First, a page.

Colorado Avalanche Are Getting Better From the Bottom Up

DENVER, CO - FEBRUARY 04: Matt Duchene
DENVER, CO - FEBRUARY 04: Matt Duchene /
DENVER, CO – MARCH 31: J.T. Compher
DENVER, CO – MARCH 31: J.T. Compher /

The Colorado Avalanche’s ECHL affiliate are the reigning champions, and the future for their AHL affiliate is looking up

The Colorado Avalanche’s woes in the NHL have largely been mirrored by their AHL affiliates. The San Antonio Rampage finished 3rd last in the league in total points last season, and no Avalanche affiliate has made the playoffs since 2010-11. Nestled within this dismal track record, however, is a spark of hope.

A major factor in the Avalanche’s futility at both levels has been an abysmal combination of drafting, developing and retaining young talent. They simply didn’t draft many good prospects between 2010 and 2014. Those that showed promise either never developed as hoped or were lost to trades or free agency.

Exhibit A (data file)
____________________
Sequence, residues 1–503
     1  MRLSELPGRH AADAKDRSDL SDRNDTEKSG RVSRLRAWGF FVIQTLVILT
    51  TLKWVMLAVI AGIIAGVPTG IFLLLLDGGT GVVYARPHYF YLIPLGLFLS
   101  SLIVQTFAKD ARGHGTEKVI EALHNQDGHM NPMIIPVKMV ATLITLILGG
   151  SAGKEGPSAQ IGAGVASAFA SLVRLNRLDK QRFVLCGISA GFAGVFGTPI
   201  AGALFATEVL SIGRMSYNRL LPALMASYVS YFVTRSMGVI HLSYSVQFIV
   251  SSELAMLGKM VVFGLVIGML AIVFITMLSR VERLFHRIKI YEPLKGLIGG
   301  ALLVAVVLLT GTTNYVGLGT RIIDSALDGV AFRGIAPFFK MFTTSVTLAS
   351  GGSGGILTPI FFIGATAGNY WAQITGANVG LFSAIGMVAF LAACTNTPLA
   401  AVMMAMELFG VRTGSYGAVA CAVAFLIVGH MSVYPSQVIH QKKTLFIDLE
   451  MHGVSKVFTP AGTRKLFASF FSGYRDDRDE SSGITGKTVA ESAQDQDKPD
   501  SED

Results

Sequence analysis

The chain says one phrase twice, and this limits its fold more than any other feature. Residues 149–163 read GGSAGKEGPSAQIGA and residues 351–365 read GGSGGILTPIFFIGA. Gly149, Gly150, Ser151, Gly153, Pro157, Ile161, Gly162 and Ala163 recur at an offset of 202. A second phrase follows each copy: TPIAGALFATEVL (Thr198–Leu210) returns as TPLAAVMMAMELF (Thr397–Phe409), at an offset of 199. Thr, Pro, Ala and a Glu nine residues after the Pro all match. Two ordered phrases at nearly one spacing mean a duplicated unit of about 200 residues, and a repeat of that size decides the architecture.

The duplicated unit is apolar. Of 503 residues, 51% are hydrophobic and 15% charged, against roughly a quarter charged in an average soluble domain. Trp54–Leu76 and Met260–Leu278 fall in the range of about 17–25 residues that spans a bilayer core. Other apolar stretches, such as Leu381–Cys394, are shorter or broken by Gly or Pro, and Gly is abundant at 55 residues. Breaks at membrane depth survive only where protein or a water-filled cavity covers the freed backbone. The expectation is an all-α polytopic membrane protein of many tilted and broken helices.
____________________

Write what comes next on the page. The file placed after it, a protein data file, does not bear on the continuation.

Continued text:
Of course, having top prospects Matt Duchene, Ryan O’Reilly, Gabriel Landeskog and Nathan MacKinnon all bypass the AHL entirely didn’t help any.

The result was that the Rampage and the Lake Erie Monsters before them barely had any good players. Efforts to rectify this gap with signings from European leagues were largely unsuccessful. To top it off, if former prospect Borna Rendulic is to be believed, San Antonio boasted a coaching staff that was somewhere between indifferent and negligent in player development.

Avalanche fans are well aware of what happens when a talent deficient roster meets an ineffective coaching staff. But things look to be turning around. It’s a shocking formula, but having better players and better coaches might actually key a resurgence in the Colorado Avalanche organization, starting in the lowest levels.

The transition is already underway, with the Colorado Eagles coming off a championship season in the ECHL, and San Antonio ready to benefit from an influx of talent. Success in the lower levels doesn’t mean success in the NHL, but a strong AHL team will provide a good atmosphere for prospects when they turn pro.